I can’t really call myself a lesbian. I think if I wanted to, a magazine like DIVA would most likely put me off the idea. I prefer magazines like LTTR and GLU, or S.T.H. for that matter. A lesbian magazine should be about sex and challenge people’s expectations, not about what TV shows to watch.

Regarding your question about the art world, No Bra is obviously pop music, and it’s just unfortunate that right now in music “normal” is often associated with “commercial.” I think maybe the reason the art world is interested is because No Bra appears to challenge clichés. Or maybe they just like the show.

About your Port Huron Project, were you mainly interested in motivating people to make better use of their so-called democratic rights today, or were you also interested in maybe challenging the definition of history?

MT: Initially I hoped to inspire people by conveying a sense of what it might feel like to believe one was part of a movement that could change the system, but as I developed the project it shifted into an exploration of the similarities between the Vietnam era and contemporary America—war, police state, poverty, the peculiar institutions of racism—and the striking differences between how resistance was practiced then and how it is imagined and practiced today. Coretta Scott King, Paul Potter, Howard Zinn, César Chávez, and Stokely Carmichael are heroes to me, but that was then and this is now. The problems may be largely the same, but the system that produces them has metastasized and globalized; we need new strategies and new ideas. The so-called counter-globalization movements and tactical media are a start.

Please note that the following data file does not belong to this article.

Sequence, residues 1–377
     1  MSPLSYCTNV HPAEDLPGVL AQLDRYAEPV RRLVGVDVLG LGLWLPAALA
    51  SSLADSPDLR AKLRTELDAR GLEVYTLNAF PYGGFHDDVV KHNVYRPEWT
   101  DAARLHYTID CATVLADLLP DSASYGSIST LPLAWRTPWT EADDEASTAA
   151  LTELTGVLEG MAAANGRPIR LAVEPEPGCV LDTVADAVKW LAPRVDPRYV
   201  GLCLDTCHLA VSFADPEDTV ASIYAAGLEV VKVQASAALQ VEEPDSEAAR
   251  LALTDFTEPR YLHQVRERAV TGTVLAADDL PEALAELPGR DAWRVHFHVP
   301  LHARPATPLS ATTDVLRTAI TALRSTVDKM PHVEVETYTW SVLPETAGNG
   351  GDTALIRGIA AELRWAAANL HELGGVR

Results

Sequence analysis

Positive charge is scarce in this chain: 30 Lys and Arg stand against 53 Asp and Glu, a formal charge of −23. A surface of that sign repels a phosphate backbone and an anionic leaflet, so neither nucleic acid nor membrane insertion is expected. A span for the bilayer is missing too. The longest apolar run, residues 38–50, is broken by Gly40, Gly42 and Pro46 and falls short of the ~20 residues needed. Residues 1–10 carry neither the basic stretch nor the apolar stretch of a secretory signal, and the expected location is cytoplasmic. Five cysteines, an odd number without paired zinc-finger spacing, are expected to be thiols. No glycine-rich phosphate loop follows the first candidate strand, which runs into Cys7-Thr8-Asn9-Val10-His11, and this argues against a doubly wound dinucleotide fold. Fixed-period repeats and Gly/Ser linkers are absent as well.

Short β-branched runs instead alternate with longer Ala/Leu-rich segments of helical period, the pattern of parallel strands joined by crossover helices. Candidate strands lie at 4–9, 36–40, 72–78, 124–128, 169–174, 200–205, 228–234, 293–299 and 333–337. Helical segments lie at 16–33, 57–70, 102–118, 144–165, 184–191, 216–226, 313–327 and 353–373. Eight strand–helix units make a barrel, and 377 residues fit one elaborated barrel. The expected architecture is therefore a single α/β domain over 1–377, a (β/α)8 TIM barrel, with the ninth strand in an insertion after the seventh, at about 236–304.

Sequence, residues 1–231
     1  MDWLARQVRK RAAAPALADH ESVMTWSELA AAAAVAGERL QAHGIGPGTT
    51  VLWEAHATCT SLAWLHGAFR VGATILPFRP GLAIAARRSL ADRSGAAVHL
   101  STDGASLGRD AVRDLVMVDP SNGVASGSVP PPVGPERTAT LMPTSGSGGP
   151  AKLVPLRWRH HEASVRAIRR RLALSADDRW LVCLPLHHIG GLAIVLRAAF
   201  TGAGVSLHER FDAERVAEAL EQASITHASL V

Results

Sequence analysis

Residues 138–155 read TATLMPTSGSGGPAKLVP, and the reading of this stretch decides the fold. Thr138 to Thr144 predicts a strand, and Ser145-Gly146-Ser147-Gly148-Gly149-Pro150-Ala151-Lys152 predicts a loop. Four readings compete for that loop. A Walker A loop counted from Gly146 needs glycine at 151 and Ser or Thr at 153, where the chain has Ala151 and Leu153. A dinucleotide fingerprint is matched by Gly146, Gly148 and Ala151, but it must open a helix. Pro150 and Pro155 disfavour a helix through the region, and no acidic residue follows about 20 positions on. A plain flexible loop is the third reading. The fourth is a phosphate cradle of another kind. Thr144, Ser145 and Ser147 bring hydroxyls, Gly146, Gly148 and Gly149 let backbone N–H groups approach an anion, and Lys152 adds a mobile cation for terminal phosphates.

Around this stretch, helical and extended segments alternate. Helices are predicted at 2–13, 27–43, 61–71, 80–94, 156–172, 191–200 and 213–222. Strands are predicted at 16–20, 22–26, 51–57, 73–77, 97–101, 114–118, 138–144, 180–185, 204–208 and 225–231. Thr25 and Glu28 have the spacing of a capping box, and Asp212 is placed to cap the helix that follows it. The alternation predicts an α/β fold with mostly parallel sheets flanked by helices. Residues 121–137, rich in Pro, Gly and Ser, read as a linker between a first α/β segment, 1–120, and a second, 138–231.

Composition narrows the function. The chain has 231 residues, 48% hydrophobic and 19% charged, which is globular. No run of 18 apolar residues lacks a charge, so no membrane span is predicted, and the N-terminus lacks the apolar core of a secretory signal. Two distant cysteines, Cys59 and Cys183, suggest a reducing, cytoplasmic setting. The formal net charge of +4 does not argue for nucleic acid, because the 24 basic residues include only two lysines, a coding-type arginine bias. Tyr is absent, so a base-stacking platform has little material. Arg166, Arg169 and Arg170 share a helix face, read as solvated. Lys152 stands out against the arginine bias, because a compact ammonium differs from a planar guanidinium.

Susanne Oberbeck was recently involved with Creative Time's program Hey Hey Glossolalia